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Rethinking Arbitration Agreements in Employment

05.16.11 | INSIGHTS

By Irina Belova
Director of Marketing & Business Development, 503.499.4481

New U.S. Supreme Court Opinion: AT&T Mobility v. Concepcion

At the end of April 2011, the U.S. Supreme Court issued an opinion in AT&T Mobility v. Concepcion, holding that arbitration agreements that limit or prohibit class actions are valid. Though the case was not an employment case (it was a dispute over AT&T’s charging customers sales tax on phones that were offered for “free”), it could have important implications for employers. Employers who use arbitration agreements should consider revising them to include limits on class actions, and employers who do not use arbitration agreements should consider implementing them as a way to limit potentially expensive class-action employment litigation.

Courts in some states, including California, Washington, and Oregon, had held that arbitration agreements that limited or barred class actions were unconscionable and therefore unenforceable. The U.S. Supreme Court’s recent decision held that the Federal Arbitration Act overrides state law decisions like these. The Court held that federal law controls this area, and that federal law does not necessarily prohibit an agreement to arbitrate that limits or bars class action lawsuits or class action arbitration. With this decision by the U.S. Supreme Court, it is now more likely that such provisions will be upheld, so that employers who require that employees agree to arbitration and bar class actions in their arbitration agreements are less likely to face costly and risky employment-related class actions.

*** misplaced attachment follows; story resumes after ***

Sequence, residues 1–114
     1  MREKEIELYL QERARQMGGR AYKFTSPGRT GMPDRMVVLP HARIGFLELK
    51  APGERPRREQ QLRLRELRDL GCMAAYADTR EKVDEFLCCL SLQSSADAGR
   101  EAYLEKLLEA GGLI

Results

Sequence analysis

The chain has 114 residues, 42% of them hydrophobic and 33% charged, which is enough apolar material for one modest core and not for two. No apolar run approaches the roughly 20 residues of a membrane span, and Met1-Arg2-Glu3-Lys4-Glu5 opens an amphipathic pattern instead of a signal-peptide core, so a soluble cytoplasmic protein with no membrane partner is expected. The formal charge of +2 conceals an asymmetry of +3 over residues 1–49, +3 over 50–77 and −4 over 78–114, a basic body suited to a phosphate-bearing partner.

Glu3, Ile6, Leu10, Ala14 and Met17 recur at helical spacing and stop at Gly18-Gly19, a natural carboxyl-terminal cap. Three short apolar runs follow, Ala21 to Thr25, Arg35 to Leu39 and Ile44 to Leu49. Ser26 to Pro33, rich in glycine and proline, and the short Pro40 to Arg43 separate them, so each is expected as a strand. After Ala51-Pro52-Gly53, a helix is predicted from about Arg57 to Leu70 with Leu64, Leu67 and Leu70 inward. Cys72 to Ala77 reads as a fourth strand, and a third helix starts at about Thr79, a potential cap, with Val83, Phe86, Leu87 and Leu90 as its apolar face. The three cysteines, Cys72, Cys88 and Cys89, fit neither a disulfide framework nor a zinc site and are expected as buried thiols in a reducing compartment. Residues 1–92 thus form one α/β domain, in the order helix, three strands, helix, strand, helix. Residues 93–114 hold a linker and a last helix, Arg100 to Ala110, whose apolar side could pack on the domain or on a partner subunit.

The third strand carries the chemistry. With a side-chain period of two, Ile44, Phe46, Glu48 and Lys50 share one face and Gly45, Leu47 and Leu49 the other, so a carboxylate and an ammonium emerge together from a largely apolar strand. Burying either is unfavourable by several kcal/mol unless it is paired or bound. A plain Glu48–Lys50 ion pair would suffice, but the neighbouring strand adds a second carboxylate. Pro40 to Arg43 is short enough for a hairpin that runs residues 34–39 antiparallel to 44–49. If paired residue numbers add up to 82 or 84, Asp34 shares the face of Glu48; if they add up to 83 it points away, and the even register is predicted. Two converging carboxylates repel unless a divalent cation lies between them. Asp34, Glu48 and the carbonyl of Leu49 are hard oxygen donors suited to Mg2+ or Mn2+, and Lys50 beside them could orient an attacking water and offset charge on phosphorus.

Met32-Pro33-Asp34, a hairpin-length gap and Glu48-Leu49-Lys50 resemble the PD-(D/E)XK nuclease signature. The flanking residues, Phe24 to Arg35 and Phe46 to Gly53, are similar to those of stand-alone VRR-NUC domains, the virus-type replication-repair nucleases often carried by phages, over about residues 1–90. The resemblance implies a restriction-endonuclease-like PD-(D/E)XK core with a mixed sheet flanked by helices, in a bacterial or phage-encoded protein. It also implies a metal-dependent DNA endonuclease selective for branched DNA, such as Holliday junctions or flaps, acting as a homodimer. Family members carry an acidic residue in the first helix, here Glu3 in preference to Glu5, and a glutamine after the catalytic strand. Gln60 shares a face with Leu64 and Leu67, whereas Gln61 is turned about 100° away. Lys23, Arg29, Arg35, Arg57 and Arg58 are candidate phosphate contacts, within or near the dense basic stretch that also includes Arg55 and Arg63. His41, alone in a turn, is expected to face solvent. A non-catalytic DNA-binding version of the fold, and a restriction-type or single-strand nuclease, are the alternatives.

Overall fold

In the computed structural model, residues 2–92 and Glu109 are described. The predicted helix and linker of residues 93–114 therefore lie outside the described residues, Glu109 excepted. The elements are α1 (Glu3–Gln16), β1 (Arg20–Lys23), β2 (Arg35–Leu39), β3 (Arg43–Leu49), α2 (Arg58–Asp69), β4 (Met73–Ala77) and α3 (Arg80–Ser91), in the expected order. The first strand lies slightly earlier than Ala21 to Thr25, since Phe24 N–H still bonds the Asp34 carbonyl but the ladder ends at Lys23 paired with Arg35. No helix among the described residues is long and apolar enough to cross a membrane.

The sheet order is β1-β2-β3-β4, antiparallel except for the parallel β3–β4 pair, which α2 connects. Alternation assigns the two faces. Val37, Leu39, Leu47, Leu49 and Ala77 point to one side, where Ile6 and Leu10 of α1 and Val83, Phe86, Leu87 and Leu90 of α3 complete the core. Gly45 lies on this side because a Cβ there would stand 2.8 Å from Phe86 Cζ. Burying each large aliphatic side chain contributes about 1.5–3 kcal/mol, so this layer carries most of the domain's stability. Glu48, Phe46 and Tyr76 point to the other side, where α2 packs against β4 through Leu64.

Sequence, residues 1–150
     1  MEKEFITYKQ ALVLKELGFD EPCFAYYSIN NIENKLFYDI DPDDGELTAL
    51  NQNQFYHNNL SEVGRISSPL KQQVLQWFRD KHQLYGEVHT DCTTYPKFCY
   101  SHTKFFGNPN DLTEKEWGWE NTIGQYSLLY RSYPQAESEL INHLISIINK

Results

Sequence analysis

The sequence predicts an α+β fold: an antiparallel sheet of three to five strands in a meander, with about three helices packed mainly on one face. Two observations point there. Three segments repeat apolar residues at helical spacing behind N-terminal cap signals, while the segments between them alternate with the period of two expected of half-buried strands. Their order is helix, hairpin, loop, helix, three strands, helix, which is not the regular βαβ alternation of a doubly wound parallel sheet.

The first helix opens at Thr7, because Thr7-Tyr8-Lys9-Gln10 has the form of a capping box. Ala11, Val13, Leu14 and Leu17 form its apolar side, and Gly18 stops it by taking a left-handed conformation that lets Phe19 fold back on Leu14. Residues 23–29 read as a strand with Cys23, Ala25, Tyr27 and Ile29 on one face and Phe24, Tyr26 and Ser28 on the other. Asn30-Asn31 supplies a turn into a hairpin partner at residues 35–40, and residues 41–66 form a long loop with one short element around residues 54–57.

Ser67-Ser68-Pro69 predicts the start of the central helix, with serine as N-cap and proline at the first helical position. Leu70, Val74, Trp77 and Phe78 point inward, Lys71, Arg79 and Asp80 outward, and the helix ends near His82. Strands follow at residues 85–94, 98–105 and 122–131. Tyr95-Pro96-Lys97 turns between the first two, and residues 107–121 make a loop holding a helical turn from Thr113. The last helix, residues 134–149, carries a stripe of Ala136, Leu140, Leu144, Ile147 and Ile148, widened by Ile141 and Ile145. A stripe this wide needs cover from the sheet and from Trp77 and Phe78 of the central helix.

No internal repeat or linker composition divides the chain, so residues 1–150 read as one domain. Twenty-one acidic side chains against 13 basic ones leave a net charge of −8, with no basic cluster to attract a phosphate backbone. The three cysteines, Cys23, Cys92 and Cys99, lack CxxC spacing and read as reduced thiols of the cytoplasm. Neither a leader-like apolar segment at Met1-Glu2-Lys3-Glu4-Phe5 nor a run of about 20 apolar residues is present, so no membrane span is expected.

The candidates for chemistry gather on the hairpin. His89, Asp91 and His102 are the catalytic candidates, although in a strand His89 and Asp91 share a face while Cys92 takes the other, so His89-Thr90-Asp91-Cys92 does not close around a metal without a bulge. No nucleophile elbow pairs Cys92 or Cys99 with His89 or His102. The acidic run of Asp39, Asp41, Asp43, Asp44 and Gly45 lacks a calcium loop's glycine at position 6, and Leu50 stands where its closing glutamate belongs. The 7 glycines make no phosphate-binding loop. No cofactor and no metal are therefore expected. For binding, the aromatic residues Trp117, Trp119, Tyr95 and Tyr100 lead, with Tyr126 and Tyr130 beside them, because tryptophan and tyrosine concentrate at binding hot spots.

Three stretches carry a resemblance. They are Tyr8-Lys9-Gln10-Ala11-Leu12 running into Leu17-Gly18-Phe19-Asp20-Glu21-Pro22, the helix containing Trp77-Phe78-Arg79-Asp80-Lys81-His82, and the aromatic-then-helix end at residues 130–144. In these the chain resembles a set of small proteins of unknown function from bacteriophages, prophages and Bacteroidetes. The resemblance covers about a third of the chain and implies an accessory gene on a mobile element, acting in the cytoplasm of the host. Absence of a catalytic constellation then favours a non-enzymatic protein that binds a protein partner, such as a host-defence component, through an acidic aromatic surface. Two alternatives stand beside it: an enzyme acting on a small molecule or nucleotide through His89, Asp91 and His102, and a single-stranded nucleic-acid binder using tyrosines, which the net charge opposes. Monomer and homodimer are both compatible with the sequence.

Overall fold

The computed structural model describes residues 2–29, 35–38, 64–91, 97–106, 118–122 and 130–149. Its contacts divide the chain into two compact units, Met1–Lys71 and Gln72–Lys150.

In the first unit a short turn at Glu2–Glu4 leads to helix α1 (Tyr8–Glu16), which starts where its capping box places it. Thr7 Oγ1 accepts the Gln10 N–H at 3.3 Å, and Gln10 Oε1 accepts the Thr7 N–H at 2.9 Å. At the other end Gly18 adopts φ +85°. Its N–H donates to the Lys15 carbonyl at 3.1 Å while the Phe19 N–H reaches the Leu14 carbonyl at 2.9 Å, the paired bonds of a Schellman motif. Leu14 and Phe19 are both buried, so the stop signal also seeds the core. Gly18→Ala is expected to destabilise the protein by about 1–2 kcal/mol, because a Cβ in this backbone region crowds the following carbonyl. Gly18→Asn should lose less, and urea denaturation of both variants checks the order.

Arbitration Pros and Cons for Employers

Many employers have employees enter into arbitration agreements or have arbitration provisions in their employment agreements. Arbitration can benefit employers because disputes are typically heard more quickly, can involve less discovery, and are more likely to be kept out of the public eye. They are not without their downsides, however, because an employer typically has to pay the arbitrator’s fee, there is no opportunity to appeal a bad decision, and summary judgment may be more difficult to obtain.

The new Supreme Court decision enhances an employer’s ability to limit or bar employment-related class actions, which is a pro for employers who are considering requiring employees to enter into arbitration agreements. Employment class actions are claims that a particular employment practice is discriminatory and affects a broad group of employees, such as wage-and-hour disputes. These class actions can be costly and pose significant risk to employers. Arbitration agreements that limit employees’ ability to bring a class action are therefore likely to benefit to employers.

Employers Should Review or Reconsider Arbitration Agreements

In light of this Supreme Court case, employers who do not currently require that employees agree to arbitration should revisit whether to do so. Employers who do currently require that employees agree to arbitration but who do not have limits on class actions in their arbitration agreements should consider whether to now include these limits. Be aware that some states also have specific requirements for arbitration agreements in the employment context. For example, Oregon requires an employer to provide an arbitration agreement to a potential employee two weeks before hiring or before a “bona fide” advancement to be effective. Arbitration agreements are another tool that can help employers more effectively manage employment-related risks. Each employer should carefully assess the pros and cons of arbitration agreements based on their business, industry, and workforce. For more information about this U.S. Supreme Court case, or to discuss arbitration agreements or other employment agreements or policies, please contact a lawyer in the Bullivant Houser Bailey employment group.

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